Researchers at Pennsylvania State University have developed self-directed, blood-borne "micro spiders" that they hope can repair the body from the inside.
If that sounds like the nanobots sci-fi authors have been promising would rejuvenate us for the past quarter century, you've been paying rapt attention. These spiders would function in much the same way as those theoretical 'bots, though the really impressive bit here is that thanks to Penn State scientists, this dream is no longer theoretical.
Also, much to the chagrin of journalists hoping to paint a grim future filled with minute, shiny arachnid overlords, these "spiders" aren't really spiders at all.
New Scientist explains:
Ayusman Sen of Pennsylvania State University in University Park and his colleagues have created the self-propelling microspiders using spheres less than a micrometre wide. Each sphere is made up of two halves - one hemisphere is gold, the other silica - and looks like a gold-and-silver Christmas bauble.
To turn the spheres into motors, the group attached a Grubbs catalyst - a molecule that builds long chains of smaller molecules - to the silica side. When Sen drops his spheres into a solvent containing the chemical norbornene, the catalyst spins a polymer from molecules of the chemical. Eventually there are far more unpolymerised single molecules of norbornene around the gold side of the sphere than the silica side , creating an osmotic gradient, as fluids will always move from a region with lots of particles to a region with fewer particles. The solvent rushes toward the gold side of the sphere, causing the whole sphere to move.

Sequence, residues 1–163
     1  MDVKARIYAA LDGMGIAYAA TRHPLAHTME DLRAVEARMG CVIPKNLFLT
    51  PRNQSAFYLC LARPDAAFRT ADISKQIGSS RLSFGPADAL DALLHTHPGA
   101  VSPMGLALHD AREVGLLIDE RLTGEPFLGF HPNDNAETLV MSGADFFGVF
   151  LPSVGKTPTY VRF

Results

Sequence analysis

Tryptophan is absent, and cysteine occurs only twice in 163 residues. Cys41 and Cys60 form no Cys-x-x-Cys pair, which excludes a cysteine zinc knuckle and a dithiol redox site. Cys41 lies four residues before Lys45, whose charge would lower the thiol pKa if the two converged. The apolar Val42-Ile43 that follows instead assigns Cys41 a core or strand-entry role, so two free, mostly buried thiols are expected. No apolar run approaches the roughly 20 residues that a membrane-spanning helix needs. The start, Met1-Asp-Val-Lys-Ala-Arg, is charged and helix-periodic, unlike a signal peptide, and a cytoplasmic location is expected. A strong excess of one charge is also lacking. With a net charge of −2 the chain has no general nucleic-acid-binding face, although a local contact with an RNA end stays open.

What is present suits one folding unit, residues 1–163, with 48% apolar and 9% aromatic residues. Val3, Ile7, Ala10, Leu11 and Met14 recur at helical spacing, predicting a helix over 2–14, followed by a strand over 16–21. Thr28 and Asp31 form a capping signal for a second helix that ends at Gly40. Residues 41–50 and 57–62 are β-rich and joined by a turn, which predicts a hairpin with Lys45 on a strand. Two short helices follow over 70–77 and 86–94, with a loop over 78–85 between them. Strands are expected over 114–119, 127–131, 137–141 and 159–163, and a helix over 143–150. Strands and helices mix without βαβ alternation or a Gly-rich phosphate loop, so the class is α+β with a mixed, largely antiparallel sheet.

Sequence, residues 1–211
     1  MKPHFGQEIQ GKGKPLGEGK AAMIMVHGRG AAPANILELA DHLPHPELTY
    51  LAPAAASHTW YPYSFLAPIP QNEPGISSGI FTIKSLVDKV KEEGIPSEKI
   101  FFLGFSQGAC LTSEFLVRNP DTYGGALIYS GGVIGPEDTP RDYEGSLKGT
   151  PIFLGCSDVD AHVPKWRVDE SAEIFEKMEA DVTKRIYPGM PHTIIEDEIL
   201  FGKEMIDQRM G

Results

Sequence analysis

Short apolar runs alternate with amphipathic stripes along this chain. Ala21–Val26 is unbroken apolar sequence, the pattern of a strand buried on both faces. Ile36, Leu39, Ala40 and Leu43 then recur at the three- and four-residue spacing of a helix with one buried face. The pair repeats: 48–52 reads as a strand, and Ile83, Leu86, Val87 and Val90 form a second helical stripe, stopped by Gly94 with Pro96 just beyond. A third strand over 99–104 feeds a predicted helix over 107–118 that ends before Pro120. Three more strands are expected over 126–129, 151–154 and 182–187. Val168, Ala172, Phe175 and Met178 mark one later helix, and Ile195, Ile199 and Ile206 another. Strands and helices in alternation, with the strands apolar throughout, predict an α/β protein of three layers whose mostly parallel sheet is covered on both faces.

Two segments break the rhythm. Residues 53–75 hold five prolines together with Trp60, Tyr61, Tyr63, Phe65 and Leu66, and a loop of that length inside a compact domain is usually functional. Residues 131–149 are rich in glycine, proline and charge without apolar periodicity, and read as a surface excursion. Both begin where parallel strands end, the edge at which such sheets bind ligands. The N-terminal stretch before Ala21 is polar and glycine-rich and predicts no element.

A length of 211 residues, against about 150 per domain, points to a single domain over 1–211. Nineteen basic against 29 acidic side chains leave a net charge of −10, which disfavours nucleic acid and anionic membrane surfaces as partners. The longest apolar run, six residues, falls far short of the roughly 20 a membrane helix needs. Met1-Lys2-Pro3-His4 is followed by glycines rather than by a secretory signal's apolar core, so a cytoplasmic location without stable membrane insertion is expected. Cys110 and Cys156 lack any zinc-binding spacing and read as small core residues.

In layman's terms, these machines -- which Sen hopes can be powered by elements already found in the body, such as glucose -- travel through the blood stream using a chemical motor, seek out damage, and spin webs of "medical glue" to patch up any holes the patient might have.
It's an idea that is brilliant in its superficial simplicity, and the progress Sen's team has seen so far is quite remarkable. Assuming they are able to coax the 'bots into seeking out damage properly, using "motors" attracted to the secretions of wounds, this could be a huge step both in non-invasive medical treatment, and the overall health of the human body.
On the other hand, if these 'bots suddenly develop a taste for chemicals found in other, non-damaged parts of the body, they could do irreparable harm to their hosts. Unfortunately, I still can't spin that into a hellish future dystopia where we all slowly suffocate inside cocoons while our robot masters daintily sup upon our vital fluids, but here's hoping Sen can get all the kinks worked out before someone ends up with their prostate glued to their left arm.